|Northeastern launching long-range upset bid of Kansas|
Pardon Kansas for doing something unusual this week before it begins play in the NCAA Tournament.
The No. 17 Jayhawks must board an airplane.
A first-round assignment at Salt Lake City finds Kansas (25-9), a No. 4 seed, opening against Northeastern (23-10), a No. 13 seed, on Thursday. It marks the first time in 10 years the Jayhawks have not opened the tourney in the old Big Six Conference footprint (Kansas, Iowa, Missouri, Nebraska or Oklahoma).
A short trip possibly awaits, however. If Kansas can advance to the Sweet 16 it will play in nearby Kansas City, Mo., site of the Midwest Regional. North Carolina and Kentucky are the top seeds in the region.
"I was like, 'Wow, we've just got to win these games and get back home,''' junior forward Dedric Lawson said, recalling his thoughts after the bracket was revealed. "We need that energy to boost us and help us move forward.''
No guarantees exist, especially in the first two rounds. Nor in Kansas City, where Kansas fell in the Big 12 tournament championship game to Iowa State after a record 14-year streak of regular-season Big 12 titles was snapped with a third-place finish.
The Jayhawks went undefeated in their boisterous home, Allen Fieldhouse, but struggled elsewhere despite a remarkable debut season from Lawson.
The Memphis transfer became the first Big 12 player to lead the league in scoring and rebounding since Oklahoma's Blake Griffin a decade ago.
Lawson is one of five first-year starters for Kansas.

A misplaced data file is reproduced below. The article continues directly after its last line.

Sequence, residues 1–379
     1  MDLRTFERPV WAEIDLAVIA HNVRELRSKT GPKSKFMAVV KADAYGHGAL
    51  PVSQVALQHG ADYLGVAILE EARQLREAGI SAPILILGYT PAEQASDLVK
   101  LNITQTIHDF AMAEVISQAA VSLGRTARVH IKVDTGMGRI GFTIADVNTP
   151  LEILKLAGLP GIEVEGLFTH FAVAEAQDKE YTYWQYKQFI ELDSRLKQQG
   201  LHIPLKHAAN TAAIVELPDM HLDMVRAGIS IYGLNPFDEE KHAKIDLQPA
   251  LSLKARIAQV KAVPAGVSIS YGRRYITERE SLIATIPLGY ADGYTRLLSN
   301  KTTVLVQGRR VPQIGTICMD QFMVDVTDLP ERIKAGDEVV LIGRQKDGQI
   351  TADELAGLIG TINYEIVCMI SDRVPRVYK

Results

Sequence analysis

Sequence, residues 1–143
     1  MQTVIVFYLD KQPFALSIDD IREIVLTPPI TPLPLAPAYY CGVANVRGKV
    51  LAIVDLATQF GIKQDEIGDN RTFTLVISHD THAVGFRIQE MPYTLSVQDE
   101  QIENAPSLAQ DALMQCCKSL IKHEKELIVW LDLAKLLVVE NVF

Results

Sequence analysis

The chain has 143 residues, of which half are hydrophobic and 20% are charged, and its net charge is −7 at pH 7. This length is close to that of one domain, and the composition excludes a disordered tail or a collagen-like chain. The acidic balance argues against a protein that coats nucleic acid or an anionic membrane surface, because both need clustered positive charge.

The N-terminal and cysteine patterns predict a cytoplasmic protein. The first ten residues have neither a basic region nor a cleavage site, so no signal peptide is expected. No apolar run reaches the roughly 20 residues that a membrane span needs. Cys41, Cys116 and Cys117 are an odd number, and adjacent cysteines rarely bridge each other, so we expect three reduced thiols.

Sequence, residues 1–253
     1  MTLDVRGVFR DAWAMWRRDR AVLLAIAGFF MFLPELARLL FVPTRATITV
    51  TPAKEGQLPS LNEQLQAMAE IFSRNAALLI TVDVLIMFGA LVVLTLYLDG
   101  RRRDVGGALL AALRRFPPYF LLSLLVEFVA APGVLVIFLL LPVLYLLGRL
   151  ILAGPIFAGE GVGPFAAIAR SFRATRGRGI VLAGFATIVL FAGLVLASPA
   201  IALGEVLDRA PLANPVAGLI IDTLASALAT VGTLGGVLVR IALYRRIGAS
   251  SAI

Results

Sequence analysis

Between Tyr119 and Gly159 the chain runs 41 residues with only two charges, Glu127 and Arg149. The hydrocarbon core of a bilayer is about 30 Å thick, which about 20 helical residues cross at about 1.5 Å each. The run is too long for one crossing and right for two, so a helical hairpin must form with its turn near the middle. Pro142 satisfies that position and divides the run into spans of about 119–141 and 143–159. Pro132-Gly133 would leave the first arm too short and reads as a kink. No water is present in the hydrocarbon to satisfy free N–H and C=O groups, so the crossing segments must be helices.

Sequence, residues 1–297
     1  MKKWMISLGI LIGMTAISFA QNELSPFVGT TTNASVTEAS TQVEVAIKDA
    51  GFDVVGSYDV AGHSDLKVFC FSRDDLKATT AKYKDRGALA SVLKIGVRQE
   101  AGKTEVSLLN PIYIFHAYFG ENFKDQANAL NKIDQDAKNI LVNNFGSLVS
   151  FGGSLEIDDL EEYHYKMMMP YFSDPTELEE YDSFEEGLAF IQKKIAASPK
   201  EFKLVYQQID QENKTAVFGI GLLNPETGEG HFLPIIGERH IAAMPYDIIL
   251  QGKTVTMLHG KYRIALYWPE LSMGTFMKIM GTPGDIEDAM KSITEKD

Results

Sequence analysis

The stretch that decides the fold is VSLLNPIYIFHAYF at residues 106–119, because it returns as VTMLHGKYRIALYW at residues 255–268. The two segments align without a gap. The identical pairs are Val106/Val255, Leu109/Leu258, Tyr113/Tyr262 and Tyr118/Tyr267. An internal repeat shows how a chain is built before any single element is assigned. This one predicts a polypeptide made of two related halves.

That has contributed to inconsistency, especially after starting 10-0 but losing junior center Udoka Azubuike. The team's lone senior, shooting guard Lagerald Vick, left the squad during conference play after getting off to a torrid start from 3-point range.
When he was told his team looked to be limping home, Kansas coach Bill Self said, "this team has won eight of our last 11 and that's after going through some stuff and we're close to getting it, even though we haven't quite gotten it yet. That tells me that there is still a great opportunity for our best to still be in front of us.''
Maybe, with freshmen Devon Dotson, Quentin Grimes and David McCormack all progressing of late. This year's NCAA bid was ithe 30th in a row for Kansas, the top active streak in the nation.
"For us, everybody here is just so excited to see your name pop up on Selection Sunday that I think the first emotion is just pure elation,'' Northeastern coach Bill Coen said. "And then the second emotion is, 'Oh, no. We've got to play Kansas.''
The Huskies, champions of the Colonial Athletic Association, have won seven straight but stood 0-4 against quadrant one opponents.
The 3-point line is where Northeastern thrives or dies. Four players have connected for 50-plus treys, led by junior guard Jordan Roland, who averages 14.7 points. Senior guard Vasa Pusica, who is from Serbia, averages a team-high 17.8 points.
"What worked for us at our level (was 3-point shooting),'' Coen said. "We'll see what happens at the next level.''
The last NCAA Tournament appearance for Northeastern resulted in a four-point loss to Notre Dame in 2015. No CAA qualifier has won in the tourney since James Madison in the 2013 First Four as a No. 16 seed. In 2006, when Kansas was last seeded fourth, it fell to Bradley in the first round.
--Field Level MEdia